Crowded ED equals worse management of pain

Packed waiting rooms mean that patients suffer

When ED waiting rooms are overcrowded, patients with severe pain are more likely to get poor quality care, according to a recent study. Researchers found that only about half (49%) of 13,758 patients with severe pain received pain medication. Of those, 59% had more than an hour delay in treatment from triage, and 20% had more than an hour delay in treatment after being placed in a room.1

"It is vital for emergency nurses to understand the impact that a crowded ED has on quality of care," says Jesse M. Pines, MD, MBA, MSCE, the study's lead author and assistant professor of emergency medicine at the University of Pennsylvania School of Medicine in Philadelphia. "The first step is for nurses to recognize that this is an issue: that their patients suffer when the ED is crowded."

While this may come as no surprise to nurses who work in busy EDs, recognition that quality of care suffers when the ED is crowded is important to quality improvement, Pines emphasizes. "This is as much a message for ED staff as it is for government and quality organizations who should implement public policy to make hospitals fix ED crowding," he says.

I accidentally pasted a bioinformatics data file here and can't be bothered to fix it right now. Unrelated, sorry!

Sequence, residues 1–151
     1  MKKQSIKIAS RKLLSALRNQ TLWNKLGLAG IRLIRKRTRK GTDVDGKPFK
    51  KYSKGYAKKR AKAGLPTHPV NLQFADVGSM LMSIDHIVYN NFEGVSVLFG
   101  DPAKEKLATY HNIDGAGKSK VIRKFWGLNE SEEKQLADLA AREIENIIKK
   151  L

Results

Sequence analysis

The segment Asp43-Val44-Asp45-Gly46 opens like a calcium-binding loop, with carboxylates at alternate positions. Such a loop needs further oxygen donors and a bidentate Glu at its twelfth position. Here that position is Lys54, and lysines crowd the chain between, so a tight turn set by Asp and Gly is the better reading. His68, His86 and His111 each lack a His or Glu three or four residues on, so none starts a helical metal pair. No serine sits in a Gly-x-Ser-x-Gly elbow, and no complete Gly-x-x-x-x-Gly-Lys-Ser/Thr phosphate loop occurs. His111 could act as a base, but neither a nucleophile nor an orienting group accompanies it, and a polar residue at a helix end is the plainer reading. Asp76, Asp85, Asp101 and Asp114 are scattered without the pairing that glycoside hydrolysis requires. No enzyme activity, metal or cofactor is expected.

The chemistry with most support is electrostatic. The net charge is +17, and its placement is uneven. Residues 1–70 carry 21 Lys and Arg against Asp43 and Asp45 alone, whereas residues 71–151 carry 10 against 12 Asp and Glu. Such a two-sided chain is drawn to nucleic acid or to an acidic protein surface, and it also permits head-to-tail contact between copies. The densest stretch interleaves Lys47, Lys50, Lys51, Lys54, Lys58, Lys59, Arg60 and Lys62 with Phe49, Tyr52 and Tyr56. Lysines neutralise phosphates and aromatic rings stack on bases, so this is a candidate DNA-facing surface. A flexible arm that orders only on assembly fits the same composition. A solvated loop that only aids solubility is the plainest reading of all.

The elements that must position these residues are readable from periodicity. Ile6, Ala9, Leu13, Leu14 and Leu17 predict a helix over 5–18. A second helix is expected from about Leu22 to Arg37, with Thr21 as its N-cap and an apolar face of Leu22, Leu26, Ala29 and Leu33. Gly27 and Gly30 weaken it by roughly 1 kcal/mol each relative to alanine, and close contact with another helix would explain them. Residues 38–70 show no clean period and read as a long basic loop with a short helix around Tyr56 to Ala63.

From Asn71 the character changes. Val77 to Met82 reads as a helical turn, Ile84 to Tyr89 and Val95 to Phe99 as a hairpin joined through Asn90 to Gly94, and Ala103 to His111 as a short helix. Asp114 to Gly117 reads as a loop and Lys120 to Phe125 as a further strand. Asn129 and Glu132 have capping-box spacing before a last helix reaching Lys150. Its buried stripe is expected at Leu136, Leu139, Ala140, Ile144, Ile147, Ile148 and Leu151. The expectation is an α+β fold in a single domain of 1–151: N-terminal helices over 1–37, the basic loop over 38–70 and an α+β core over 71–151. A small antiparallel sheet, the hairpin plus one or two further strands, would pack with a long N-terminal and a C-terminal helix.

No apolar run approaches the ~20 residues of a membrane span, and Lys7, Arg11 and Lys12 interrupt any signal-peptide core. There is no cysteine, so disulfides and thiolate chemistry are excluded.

1. Pines JM, Hollander JE. Emergency department crowding is associated with poor care for patients with severe pain. Ann Emerg Med 3 October 2007. DOI: 10.1016/j.annemergmed.2007.07.008.


For more information about pain management and overcrowding, contact:

  • Jesse M. Pines, MD, MBA, MSCE, Assistant Professor of Emergency Medicine, University of Pennsylvania School of Medicine, Philadelphia. Phone: (215) 662-4050. E-mail: